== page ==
A tale of 1000 origami cranes

Last week marked the half-way milestone for one of the craft projects that I’m currently working on. I thought I’d share my experience and the outcome here.

So it all started off with my google search on fun things to do for my birthday (like a wish-list or a bucket list). And I came across this bucket-list idea (from this blog) of making 1000 origami cranes and instantly, it made its way to my bucket-list. I decided to make it for someone special for their birthday in October. I learnt how to make an origami crane from this website: http://www.origami-instructions.com/origami-crane.html

The end result that I had in mind was to make 1000 origami cranes and hang them from our ceiling in the living room. I decided to make in yellow and blue as I thought they would look colourful and bright against our white ceiling. I did not work on my own on this project and instead took help, given that I had my normal full-time job to do everyday! I did not use the ready-made origami paper and instead cut the paper to size from scratch! In hindsight, that was not a very wise thing to do but I’ll talk about it a bit more in the ‘What I’ve learnt’ section below.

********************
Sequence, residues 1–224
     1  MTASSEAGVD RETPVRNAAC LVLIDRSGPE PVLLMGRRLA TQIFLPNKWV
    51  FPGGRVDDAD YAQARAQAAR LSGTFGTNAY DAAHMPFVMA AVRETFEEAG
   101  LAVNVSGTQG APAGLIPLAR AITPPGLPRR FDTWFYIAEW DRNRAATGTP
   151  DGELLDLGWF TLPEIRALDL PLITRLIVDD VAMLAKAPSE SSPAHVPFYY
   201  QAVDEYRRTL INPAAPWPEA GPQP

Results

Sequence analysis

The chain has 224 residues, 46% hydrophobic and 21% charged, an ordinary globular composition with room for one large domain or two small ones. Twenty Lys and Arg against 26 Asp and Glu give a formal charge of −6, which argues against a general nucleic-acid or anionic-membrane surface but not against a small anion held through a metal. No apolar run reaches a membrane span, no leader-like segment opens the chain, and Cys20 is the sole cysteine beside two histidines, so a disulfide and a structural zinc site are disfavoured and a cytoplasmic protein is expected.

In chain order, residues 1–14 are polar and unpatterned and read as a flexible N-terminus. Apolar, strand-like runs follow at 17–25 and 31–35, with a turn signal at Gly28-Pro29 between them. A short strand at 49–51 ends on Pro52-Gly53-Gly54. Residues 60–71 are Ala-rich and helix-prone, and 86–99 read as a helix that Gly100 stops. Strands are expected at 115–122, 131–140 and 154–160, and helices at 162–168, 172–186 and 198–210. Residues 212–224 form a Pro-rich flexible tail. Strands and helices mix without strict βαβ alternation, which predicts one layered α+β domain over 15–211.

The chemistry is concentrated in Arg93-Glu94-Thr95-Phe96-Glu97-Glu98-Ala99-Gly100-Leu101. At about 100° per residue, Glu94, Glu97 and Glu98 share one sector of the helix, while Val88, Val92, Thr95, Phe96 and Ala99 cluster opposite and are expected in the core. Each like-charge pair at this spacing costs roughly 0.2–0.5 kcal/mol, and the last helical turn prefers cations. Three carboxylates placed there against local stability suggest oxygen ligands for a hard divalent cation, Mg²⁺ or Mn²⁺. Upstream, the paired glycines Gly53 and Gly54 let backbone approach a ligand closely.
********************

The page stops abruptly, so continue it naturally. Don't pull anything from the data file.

Here is a brief overview of the process and the end result of this fun project:

IMG_0467 IMG_0468 IMG_0471 IMG_0476 IMG_0482 IMG_0488 IMG_0496 IMG_0514 (1) IMG_0518 (1) IMG_0519 (1) IMG_0520 (1) IMG_0526 (1) IMG_0528 (1) IMG_0530 IMG_0531 IMG_0533 (1) IMG_0541

Needless to say, they looked beautiful. My favourite part is watching them cradle when the wind blows (which is my happy corner (#11) for this post). They are still hanging from our ceiling and remind me everyday that no matter what, its important to keep going and that success will automatically follow 🙂

Now some insight into what I’ve learnt from this project:

  • Do not underestimate the time-scales. I’m usually good at planning but I did not pay much attention to the time this project would take since I thought 3 months would be ample time to make 1000 cranes. That turned out to be quite destructive as I could not make 1000 in time and had to compromise with 500 by October. I should have been more careful in my estimation.